As an avid appreciator of independent films, I was intrigued when I received an email from co-producer Oren Skoog about the film “She’s in Portland,” which was having its West Coast premiere at the Santa Barbara International Film Festival. The film previously premiered at both the Boston Film Festival and the Alexandria Film Festival. The plot description was interesting on its own: Two friends, Luke and Wes, decide to travel up the West Coast to find Luke’s “one who got away.” Scenes shot in Isla Vista were featured in the film, with the crew hoping to capture some of “the magic of a DP Saturday night.” Writer and director Marc Carlini and Skoog discussed these aspects of the film.
While it was initially hard to ask questions about a movie that I hadn’t seen prior to the interview, Carlini’s passion for his project was immediately apparent in discussing his motivation behind the story of the film: conveying that “stuck” feeling we all have at some point in our lives, confused about how to make a change in our lives for the durability of our future. The film stars Tommy Dewey (Wes) and François Arnaud (Luke), known respectively for their roles in “The Mindy Project” and “Blindspot.” Each main character faces his own perils, with Wes stuck in a demanding corporate career and Luke a starving artist. Wes drags Luke on a California coastal road trip to Portland to find Maggie (Nicole LaLiberte), Luke’s former almost-flame in college. Not surprisingly, the inspiration for this plot piece stemmed from Carlini’s own experience with a girl who lived in Portland.
Carlini was adamant that the storyline of the film could appeal to UC Santa Barbara students in particular, not only because of the unique nostalgia of a weekend night in I.V. but also because of the atmosphere of the film — reminiscent of the “what now?” attitude that pervades us as college students as we navigate building a life after college that we’re passionate about. After watching the film, I echo his sentiment. Although the characters are in their mid30s, there is an essential message in the film that can appeal to college students in general about how growing up can be a time that is marked by the constant inner questioning of our own life choices.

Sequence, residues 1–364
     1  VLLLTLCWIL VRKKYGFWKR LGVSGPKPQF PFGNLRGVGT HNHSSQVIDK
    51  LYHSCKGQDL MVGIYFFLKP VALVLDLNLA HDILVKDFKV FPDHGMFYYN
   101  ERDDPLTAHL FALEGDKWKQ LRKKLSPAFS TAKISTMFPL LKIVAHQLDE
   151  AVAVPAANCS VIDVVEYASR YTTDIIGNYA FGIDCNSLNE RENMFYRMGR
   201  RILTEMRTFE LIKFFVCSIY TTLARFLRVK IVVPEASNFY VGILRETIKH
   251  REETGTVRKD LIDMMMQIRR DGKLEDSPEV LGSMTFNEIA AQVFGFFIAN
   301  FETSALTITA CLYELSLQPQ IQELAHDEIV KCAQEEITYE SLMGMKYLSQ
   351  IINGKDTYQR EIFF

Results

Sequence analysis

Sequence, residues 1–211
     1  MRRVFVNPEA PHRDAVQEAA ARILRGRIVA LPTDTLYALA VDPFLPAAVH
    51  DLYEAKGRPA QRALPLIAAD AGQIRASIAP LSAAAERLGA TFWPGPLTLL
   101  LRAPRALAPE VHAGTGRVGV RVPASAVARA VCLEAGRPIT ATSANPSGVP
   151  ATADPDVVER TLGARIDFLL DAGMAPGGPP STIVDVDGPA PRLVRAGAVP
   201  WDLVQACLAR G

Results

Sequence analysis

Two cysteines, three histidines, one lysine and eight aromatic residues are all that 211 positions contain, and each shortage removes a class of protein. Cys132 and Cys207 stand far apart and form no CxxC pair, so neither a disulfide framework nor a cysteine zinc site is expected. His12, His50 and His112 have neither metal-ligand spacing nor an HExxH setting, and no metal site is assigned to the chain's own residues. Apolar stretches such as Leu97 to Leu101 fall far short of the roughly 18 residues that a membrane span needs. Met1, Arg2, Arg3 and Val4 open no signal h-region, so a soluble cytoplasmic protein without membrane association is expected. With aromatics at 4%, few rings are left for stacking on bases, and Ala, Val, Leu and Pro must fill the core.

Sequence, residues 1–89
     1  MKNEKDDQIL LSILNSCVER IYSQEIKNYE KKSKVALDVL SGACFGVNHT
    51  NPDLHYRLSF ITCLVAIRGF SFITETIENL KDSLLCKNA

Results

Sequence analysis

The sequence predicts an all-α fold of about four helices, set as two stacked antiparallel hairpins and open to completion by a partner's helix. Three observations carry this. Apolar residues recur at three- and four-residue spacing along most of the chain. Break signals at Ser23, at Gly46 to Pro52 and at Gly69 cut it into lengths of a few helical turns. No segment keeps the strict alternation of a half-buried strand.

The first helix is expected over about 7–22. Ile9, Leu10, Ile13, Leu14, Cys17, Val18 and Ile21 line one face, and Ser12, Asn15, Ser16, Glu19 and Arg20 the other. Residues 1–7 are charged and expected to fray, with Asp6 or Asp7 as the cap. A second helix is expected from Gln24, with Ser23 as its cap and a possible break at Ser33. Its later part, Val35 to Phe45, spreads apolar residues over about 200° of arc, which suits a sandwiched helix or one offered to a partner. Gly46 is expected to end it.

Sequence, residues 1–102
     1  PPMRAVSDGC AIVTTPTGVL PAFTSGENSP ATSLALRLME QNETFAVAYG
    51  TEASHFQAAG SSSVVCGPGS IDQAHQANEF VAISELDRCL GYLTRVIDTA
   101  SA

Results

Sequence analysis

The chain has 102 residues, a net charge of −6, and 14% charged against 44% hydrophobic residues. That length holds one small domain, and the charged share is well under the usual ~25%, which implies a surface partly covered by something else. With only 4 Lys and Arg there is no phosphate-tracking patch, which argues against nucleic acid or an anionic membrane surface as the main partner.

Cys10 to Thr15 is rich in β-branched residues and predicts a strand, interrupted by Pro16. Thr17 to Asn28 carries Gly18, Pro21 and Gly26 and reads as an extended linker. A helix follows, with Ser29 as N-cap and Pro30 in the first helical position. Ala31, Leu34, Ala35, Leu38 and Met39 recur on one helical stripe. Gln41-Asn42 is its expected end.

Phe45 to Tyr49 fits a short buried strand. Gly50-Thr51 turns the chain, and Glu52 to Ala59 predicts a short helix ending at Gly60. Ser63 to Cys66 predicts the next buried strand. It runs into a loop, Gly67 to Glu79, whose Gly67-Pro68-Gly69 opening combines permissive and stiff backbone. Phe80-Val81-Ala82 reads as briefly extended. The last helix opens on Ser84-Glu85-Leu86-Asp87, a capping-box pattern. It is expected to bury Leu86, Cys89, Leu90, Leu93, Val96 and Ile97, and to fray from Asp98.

Skoog’s experience as a student at UCSB and as a resident of Isla Vista inspired Carlini’s decision to include Isla Vista in the film, a location that is difficult to replicate in a Hollywood studio. Isla Vista is the first stop for the main characters in the film, and the cinematography alone was enough to leave me satisfied with the portrayal of our beloved college town as the film showcased shots of I.V. businesses, the beach (of course) and students skateboarding and biking the streets without a care in the world. The decision to include I.V. in the film was not one taken lightly, as Carlini did not want to delineate or perpetuate the stereotype of I.V. as just a “party town,” but as a town that contributed significance to the film. Carlini recounted his bewilderment at his first encounter with I.V. and how it evoked a dreamy vibe unlike typical college campuses. For filming, the crew had a group of students voluntarily throw a party at a house in I.V. that could’ve rightfully blended into a typical night on DP. The main characters, Wes and Luke, quickly befriend two girls from UCSB who tag along on their road trip to their next stop — Big Sur. Perhaps the most telling significance of including I.V. in the film was the wistful feeling that young adulthood, especially at UCSB, is an unparalleled experience and a stage of life that passes by fleetingly and without warning.
Other notable locations featured in the film include Big Sur, San Francisco, Monterey and Crescent City. While the connection between the two main actors is undeniably authentic, the Pacific Coast Highway almost acts as a character within the story too, each stop on the California coast signifying a break in the emotional journey of the two characters. The detailed cinematography in the film takes an otherwise typical road trip and adds a magical essence. At the close of the film, the significance of location again arises as Luke has to make a crucial decision with regard to his route that could potentially change his life forever.
You can catch the screenings of “She’s in Portland” on Jan. 16 at 5:20 p.m. in Metro 2 Theater downtown or on Jan. 20 at 4:20 p.m. in Fiesta 4 Theater during the Santa Barbara International Film Festival.